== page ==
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SEL Day is important for students and teachers

Use SEL Day to establish year-round SEL strategies

When students are able to strengthen and practice SEL skills, it can have a positive impact on everything from academics to behavior

Social and emotional skills are vital in both school, and the workplace. They can help children and adults build and maintain healthy relationships, develop a strong sense of self, manage stress, control their emotions, and more.

CASEL™ has defined five competence areas that lead to social and emotional success for children and adults. Those competence areas are Self-Awareness, Self-Management, Social Awareness, Relationship Skills, and Responsible Decision-Making. But many believe there are three additional areas: Optimistic Thinking, Goal-Directed Behavior and Personal Responsibility.

March 11 marks International SEL Day, a day focused on raising awareness of the importance of social and emotional learning (SEL). There are many ways for teachers to incorporate practical strategies into their everyday lessons — on SEL Day and beyond — to help students practice and strengthen their SEL skills. Here are a few that teachers can use with their students on SEL Day, and all year round.

1. SEL Competency: Decision-Making
Strategy: “Pause Power”
Age: Elementary School

This competency is about how we solve problems and make choices that are based on our values, how we accept responsibility for our decisions and their consequences, and how we learn from experience.

Pause Power is a decision-making strategy that has two parts. It begins with identifying what is really important to us and the principles that we want to live our lives by. It might be “telling the truth” or “being a good friend.” You can help students identify what is important, but make sure to focus on what is important to them, not you. Second, help children develop a habit of pausing when they are faced with an important decision to think about what is most important to them and then using those principles to guide their decision. This will help them avoid making impulsive decisions or being overly influenced by peer pressure. If a child’s decision reflects what is important to them, they will feel better about that decision. So, when you see children struggling with a decision, remind them to use their Pause Power. With practice it will become a habit that will help them make decisions based on their values and their true selves.

2. SEL Competency: Personal Responsibility
Strategy “Encourage Before you Correct”
Age: Middle School

A key aspect of Personal Responsibility is perseverance — continuing to work hard and try one’s best until a task is completed or a problem is solved. We can encourage perseverance in our students by helping them identify what strategies or techniques have helped them persevere and be successful in the past and what can be applied to the current situation.

One way to help them do this is to identify an important responsibility that they are good at managing. It might be doing chores without reminders or participating in an extracurricular activity at school. Then have the student write down at least three strategies (for example, keeping an up-to-date calendar or setting reminders on their smartphone) that help them succeed in this area. Discuss the strategies, keep a list of them, and the next time the child is struggling to complete a project or task, review the list and see what proven strategies they can apply to the current challenge.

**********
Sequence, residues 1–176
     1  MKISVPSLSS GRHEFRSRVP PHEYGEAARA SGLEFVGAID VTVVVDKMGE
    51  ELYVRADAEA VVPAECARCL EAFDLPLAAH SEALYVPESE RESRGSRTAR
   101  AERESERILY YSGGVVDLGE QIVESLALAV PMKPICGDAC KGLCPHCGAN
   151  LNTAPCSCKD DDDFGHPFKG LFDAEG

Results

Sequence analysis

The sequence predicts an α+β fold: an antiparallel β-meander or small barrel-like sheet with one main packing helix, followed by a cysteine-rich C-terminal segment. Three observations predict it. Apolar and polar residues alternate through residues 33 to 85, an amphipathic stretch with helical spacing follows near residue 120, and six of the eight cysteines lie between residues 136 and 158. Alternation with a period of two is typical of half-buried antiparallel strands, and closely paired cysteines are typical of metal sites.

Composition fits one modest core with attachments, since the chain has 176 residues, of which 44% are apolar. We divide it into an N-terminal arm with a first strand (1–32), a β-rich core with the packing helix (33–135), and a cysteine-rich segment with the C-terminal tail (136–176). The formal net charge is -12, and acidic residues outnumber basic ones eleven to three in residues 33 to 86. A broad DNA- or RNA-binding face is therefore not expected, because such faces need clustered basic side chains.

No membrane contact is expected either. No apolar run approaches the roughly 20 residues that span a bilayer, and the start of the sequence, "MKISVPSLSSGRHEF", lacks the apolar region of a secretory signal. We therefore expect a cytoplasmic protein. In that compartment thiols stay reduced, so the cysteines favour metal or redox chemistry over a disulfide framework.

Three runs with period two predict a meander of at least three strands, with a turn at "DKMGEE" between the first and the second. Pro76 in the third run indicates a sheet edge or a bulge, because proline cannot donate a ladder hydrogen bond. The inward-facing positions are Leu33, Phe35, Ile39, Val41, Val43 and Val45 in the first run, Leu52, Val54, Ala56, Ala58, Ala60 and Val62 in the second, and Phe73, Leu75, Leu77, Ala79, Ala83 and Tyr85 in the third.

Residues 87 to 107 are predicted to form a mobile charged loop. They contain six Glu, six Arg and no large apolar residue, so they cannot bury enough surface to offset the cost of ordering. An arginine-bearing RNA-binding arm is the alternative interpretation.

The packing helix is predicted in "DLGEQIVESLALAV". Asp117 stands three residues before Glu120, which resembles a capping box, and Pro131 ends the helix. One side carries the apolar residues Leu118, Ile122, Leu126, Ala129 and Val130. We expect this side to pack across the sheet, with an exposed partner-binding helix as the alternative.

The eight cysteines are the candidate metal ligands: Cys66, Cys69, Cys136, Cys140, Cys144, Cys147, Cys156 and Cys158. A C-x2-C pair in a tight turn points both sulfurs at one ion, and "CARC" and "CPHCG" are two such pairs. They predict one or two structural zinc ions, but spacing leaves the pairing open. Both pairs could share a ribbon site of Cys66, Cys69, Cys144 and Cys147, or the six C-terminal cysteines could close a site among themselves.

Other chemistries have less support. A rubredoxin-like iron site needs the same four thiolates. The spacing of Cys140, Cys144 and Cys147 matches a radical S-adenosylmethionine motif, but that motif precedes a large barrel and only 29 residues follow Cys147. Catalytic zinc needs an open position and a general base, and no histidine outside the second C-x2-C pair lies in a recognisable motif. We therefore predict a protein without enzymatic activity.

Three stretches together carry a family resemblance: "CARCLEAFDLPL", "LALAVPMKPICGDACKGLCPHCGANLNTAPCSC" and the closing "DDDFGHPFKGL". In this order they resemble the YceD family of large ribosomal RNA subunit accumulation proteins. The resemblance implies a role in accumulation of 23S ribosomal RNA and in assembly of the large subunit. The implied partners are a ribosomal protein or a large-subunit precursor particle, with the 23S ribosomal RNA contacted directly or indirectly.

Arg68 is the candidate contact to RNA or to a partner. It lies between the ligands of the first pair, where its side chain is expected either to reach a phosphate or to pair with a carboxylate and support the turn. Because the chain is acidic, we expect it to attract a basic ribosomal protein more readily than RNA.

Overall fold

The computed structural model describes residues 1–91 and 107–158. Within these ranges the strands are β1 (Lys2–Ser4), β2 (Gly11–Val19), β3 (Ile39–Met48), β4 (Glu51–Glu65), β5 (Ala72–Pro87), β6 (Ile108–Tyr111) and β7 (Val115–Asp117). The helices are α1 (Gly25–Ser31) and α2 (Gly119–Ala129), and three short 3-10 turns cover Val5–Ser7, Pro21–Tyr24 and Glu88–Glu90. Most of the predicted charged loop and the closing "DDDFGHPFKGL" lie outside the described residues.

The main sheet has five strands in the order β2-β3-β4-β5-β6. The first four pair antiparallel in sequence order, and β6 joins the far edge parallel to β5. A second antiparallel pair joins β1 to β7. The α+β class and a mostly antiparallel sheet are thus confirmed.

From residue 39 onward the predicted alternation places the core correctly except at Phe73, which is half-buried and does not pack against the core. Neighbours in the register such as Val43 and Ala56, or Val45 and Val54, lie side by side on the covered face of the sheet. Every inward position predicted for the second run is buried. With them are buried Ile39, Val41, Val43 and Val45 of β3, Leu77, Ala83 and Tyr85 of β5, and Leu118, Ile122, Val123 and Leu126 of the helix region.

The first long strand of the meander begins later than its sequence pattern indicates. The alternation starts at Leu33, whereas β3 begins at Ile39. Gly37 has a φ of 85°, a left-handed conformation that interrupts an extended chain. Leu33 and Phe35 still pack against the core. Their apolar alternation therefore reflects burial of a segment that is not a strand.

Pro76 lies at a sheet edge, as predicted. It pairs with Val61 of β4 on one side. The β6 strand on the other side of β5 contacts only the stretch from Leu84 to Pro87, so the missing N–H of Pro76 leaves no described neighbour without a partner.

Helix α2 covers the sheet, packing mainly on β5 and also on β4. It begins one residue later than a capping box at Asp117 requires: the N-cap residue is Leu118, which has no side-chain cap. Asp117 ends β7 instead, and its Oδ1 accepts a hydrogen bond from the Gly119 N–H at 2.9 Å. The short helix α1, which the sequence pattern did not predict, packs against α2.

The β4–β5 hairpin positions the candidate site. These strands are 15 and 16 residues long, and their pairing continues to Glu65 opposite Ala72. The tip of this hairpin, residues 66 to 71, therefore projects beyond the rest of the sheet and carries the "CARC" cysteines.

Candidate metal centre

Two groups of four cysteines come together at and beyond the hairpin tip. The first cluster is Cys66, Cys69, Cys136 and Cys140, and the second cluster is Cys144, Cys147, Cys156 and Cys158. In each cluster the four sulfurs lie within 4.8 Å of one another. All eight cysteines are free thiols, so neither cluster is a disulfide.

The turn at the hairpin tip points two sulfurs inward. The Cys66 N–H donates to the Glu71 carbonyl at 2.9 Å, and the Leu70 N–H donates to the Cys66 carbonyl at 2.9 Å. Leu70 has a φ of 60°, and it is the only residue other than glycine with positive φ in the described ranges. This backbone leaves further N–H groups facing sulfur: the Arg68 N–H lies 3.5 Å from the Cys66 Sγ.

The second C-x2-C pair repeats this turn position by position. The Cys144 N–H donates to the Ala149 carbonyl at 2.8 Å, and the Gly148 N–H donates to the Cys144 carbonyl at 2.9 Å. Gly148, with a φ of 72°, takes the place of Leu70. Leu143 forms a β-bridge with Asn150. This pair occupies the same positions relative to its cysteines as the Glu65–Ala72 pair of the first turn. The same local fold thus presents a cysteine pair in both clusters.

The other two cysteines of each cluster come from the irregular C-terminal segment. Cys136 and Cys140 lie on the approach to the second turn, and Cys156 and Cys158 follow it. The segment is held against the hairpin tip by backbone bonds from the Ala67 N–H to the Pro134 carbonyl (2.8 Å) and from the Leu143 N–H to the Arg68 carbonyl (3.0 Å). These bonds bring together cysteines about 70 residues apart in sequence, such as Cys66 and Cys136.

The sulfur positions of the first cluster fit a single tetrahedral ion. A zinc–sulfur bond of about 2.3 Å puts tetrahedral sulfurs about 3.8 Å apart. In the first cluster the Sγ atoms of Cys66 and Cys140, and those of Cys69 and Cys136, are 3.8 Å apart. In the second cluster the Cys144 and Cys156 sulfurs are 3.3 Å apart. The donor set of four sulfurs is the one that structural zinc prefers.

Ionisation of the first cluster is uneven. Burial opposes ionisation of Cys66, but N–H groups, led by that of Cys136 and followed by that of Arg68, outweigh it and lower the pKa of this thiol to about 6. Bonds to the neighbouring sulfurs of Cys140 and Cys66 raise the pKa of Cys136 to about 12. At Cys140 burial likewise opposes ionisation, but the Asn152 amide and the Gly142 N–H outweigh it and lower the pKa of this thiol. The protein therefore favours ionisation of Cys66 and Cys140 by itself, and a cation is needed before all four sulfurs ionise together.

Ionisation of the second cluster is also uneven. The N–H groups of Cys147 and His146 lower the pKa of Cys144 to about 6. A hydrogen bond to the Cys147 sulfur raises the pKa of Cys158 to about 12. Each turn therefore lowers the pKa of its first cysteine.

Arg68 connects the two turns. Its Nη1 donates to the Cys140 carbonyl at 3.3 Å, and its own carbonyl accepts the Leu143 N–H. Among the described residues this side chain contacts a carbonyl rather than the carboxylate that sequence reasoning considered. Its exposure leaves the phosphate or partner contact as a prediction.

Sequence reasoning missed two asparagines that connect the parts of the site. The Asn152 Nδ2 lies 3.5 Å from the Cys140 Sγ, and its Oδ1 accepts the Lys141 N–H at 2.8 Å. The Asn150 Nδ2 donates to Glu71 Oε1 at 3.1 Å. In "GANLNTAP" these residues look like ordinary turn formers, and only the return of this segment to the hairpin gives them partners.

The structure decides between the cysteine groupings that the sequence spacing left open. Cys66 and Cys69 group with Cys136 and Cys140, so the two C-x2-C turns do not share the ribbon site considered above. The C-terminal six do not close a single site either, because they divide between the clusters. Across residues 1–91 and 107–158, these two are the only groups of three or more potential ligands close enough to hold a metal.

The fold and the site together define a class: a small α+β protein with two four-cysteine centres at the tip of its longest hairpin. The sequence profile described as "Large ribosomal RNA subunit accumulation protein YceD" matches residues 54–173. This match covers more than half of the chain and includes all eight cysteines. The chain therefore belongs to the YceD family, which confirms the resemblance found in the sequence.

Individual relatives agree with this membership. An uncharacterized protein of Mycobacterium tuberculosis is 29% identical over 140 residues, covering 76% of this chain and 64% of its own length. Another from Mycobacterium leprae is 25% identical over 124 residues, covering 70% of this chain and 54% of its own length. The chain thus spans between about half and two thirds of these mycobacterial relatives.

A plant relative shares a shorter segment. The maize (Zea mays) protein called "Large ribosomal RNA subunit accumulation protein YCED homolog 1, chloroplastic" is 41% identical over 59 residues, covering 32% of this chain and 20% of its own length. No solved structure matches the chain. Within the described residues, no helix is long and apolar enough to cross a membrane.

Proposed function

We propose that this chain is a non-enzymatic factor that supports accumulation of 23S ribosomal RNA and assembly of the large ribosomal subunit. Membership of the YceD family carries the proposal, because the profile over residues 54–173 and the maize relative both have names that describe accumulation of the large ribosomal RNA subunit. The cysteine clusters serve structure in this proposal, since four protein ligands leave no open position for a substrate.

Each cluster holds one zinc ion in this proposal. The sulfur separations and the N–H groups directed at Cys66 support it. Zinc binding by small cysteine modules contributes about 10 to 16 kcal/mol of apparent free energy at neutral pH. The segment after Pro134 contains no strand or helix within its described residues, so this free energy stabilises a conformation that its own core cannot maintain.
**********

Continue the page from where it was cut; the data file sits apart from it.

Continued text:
3. SEL Competency: Self-Management
Strategy: “Psych Yourself Up”
Age: High School

Sometimes we need to calm down and focus; other times we need to “psych ourselves up” to get the energy needed to tackle our schoolwork, our chores, or our jobs. Being able to psych ourselves up so that we can get to work is a life-long skill that helps us be successful. The goal of this strategy is to increase your energy level and motivation to do whatever needs to be done.

Many professional athletes and entertainers have “pre-performance success rituals” that they go through to get ready for the big game or concert. They might listen to the inspiring music, eat a special meal, take deep breaths, or do something silly like when basketball star LeBron James tosses chalk before each game. A good success ritual for high school students is to think about and picture in their minds their past successes — specific times when they performed well and achieved their goals. Remembering their past successes can give them the energy and the confidence to take on their current challenges.

Teachers can have their students create a success ritual and instruct them to practice it at least twice a week (or as often as needed). They can also be encouraged to write a journal entry reflecting on how it makes them feel and whether it helped them achieve their goals. Teachers can offer to have students present about their success rituals to their class, too.

When students are able to strengthen and practice their social and emotional skills, it can have a positive impact on everything from academics to behavior. By focusing on these skills throughout the school year, teachers can help set their students up for success in school — and in life.

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